Action! #11Continue reading
Changes to the show? Change the title?!? #1Continue reading
Confusion in Fatima’s House #2Continue reading
Preparation of the stage design #3Continue reading
Ready to go (again)? #1Continue reading
Arrival at Pemba #2Continue reading
At Palma under the palm trees (wet!) #3Continue reading
First day of the tour: Mute #4Continue reading
Second day of the tour: Pundanhar #5Continue reading
Third day of the tour: Quionga #6Continue reading
Fourth day of the tour: Palma #7Continue reading
Fifth day of the tour: Olumbe #8Continue reading
Thank you Mozambique, thank you so much! #9Continue reading
Today was made tragic by bad news from Mozambique: a close relative of one of the actors had passed away.
His reaction, throwing himself onto the ground shouting and crying, chilled the blood in our veins! And the magic stopped.
In Mozambican tradition, the oldest in the group dries the tears of the person who suffered the loss, I believe it’s a gesture that helps the person feel the presence of a family nearby, the oldest of the group always represents wisdom, authority.
We sat on the stairs, waiting to know if he wanted a plane ticket to return home, or anything else…
The second piece of news was an illness. Adelino (junior) had a headache, sore joints, sore stomach and kidneys. He felt malaria coming on.
Malaria?!? Here, now?!?
Fortunately the test (and yes, we do have a test kit for malaria), gave a negative result and after a teleconference visit with the Eni Foundation doctors in Mozambique we agreed that it was something caused by the air conditioning in the planes and airports. Adelino isn’t used to air conditioning, maybe he was sweating and caught a chill. Rest and plenty of liquids. But thank God it wasn’t malaria!!!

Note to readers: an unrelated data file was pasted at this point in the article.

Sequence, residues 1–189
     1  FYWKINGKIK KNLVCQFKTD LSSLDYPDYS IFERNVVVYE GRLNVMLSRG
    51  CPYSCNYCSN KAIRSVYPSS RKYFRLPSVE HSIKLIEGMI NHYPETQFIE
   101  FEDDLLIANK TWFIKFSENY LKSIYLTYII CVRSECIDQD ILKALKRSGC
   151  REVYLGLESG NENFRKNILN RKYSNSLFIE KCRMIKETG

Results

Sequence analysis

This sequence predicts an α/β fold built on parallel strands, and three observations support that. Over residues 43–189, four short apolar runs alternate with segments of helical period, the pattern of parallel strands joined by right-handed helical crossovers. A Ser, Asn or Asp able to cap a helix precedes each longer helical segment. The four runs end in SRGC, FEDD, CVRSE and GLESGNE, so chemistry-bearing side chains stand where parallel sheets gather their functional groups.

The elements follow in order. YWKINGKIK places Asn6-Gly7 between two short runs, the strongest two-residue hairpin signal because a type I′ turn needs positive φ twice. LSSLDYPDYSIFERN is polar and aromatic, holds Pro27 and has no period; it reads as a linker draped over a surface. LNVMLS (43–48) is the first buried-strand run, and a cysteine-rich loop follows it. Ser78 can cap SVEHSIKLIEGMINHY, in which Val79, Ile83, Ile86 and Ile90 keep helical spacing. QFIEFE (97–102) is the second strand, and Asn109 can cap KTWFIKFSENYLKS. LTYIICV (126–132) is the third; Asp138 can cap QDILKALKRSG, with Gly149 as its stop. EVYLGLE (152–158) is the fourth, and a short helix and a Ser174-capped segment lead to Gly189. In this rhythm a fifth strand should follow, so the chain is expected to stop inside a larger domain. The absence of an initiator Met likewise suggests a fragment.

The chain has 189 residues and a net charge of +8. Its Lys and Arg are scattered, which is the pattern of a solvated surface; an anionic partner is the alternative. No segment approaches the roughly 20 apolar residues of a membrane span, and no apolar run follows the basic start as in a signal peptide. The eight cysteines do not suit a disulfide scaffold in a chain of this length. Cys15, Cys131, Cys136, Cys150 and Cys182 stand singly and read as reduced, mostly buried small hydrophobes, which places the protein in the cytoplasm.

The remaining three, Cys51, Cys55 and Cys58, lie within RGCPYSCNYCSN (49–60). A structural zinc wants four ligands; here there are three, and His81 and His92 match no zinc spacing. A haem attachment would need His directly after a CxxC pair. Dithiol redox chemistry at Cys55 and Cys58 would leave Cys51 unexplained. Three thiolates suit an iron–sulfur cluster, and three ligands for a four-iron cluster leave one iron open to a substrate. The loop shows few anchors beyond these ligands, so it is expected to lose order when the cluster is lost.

We only managed to rehearse in the afternoon, and finally, some good news! It’s obvious that during the pause between the two training sessions the Mozambicans studied, and understood, the script and the story, and they rehearsed.
Young Safina, who during the first session had some difficulty keeping up with the other actors because of reading problems, was in full flow, she didn’t miss a line and on the stage she emanated self-confidence and smiles.
Incredible! Well done!
The movements have to be worked on, the positions of the actors during the various scenes, on what to do while they are in a scene but not acting.
This is a very important detail! If you are miming, for example, that you are looking after an ill person and one of the actors moves forward and speaks to the audience, you have to continue moving, but being extremely careful not to draw attention to yourself by distracting the public, but you still have to continue
It’s not that easy.
Another thing that isn’t simple is being on the stage and having to pretend that you don’t hear what the other actors are saying. You have to look elsewhere, simulate distraction, but always pay attention to the lines because it’ll soon be your turn to speak!
These are aspects that the non-professional actors of Palma have never had to think about when preparing their performances. In addition, the piece is long and the actors can’t run out of energy before the end, above all because the final scene is the most articulated (obviously!).
You need to learn to dose enthusiasm and voice to reach the end.
Luckily, we reached the end of this day.